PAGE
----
Instead of seeking converts Chisholm decides to serve the village. With the help of some nuns sent to support him, Chisholm builds a mission that offers children an education, takes in the orphans, and feeds the village in times of need. But when a new warlord comes into the area and battles with village forces, Chisholm finds himself in a quandary. He rescues the wounded from the village and the new warlord demands compensation that will destroy the mission and the children and people within it. As a Christian, he is faced with the idea of entering the battle to save his people or to offer no harm, as his faith teaches him, and allow others to be hurt, raped, and/or killed. Either decision means death for others — not to decide is to decide.

It is these types of dilemmas that add such depth to this book. Chisholm is friends with the Presbyterian mission in town, refusing to see them as competition. He also peppers his conversations with quotes from Confucius. His openness to other faiths and denominations raises concerns among the institutional church. Even his greatly simple way of living, although very Christian, is viewed with suspicion.

In the midst of this Chisholm’s childhood “friend” is now his supervisor. While Cronin takes some easy shots at the priest who follows the company line to gain more power, he avoids a weak caricature that is easy to knock over. His characters have depth and he does a great job of creating a complex characters (in other words, realistic) such as Mother Maria-Veronica with whom he has a tempestuous relationship that develops into one of great friendship. No one is perfect in the book but Chisholm’s humility is born out of true faith.

The main story is held together between bookends of Chisholm’s time in Scotland which opens with him as an old priest who shares his story. At the end it returns to Chisholm as an old priest, but now we see him with new eyes.

A great book for Christians to read as it offers a realistic picture of the challenges and joys of faith, and a great book for non-Christians looking for an honest picture of the stumbling followers of Jesus.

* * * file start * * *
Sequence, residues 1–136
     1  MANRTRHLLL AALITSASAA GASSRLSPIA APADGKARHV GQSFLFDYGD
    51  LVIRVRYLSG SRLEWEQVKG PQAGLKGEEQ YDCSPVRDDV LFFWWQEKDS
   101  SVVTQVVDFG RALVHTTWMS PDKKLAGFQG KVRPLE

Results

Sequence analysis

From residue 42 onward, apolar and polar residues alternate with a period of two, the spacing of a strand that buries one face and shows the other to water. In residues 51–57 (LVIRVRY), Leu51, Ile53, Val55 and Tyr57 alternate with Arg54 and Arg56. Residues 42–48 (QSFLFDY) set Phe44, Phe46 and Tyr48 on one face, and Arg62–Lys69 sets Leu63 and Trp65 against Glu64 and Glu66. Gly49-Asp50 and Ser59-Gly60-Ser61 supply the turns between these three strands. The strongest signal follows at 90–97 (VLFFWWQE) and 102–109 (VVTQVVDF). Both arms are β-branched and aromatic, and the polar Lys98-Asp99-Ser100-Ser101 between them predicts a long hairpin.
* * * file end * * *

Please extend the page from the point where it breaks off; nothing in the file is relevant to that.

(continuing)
A. J. Cronin

A.J. Cronin
Cronin was a Scottish physician who was sent to the countryside for six months to recover from an ulcer. During that time he wrote his first novel, Hatter’s Castle, which was such a success he spent the rest of his life writing. He wrote over 30 novels, many of which were made into movies, including the influential The Citadel in 1937 which won the National Book Award in the U.S. Although many of his books deal with the Christian faith, he was for a time agnostic and later came to appreciate the mixed marriage of his Presbyterian father and Catholic mother. You can read more about him here.

The Casebook of Sherlock Holmes by Arthur Conan Doyle

casebook-of-sherlock-holmesMy love of Sherlock Holmes started when I was in junior high school and my oldest brother would take me to a little bookstore, “Call Me Ishmael,” in Saugatuck, Michigan. My brother could spend hours in that place, so one time I picked up “The Return of Sherlock Holmes,” settled down in a chair, and was quickly lost in Victorian England. I ended up reading all 56 short stories and 4 novels about Sherlock Holmes quickly, and I returned to them many times over the next 35 years.
One I have not read for many years is the final collection of short stories, The Casebook of Sherlock Holmes. Now I know why — this is a forgettable collection of Holmesian lore. It is not without some good stories. “The Problem of Thor Bridge,” written in 1922, shows Holmes showing that brilliance we are used to seeing.  He solves a mystery of how one woman dies and in the process, saves the life of another woman about to die for a crime she did not commit. Apparently, the story is based on a real-life investigation which is very similar to the story. I don’t want to spoil any endings for new readers, but the recreation of the crime by Holmes is excellent.

 

the_adventure_of_the_creeping_man

“The Adventure of the Creeping Man”

That this is followed by “The Adventure of the Creeping Man,” written a year later, only adds to the question of what was Doyle thinking? I’ve never bought into this story where an older man takes some monkey serum so he can be virile and ready for the young woman he wants to marry. This 19th century Viagra makes him act like a monkey and suddenly gives him the strength and ability to scale walls (pretty virile for a 61-year-old). Turns out that there was a Russian doctor working on such an item around when Doyle wrote this, so he may have read about it. Some commentators see this as more science fiction, but I see it as a Holmes story gone wrong.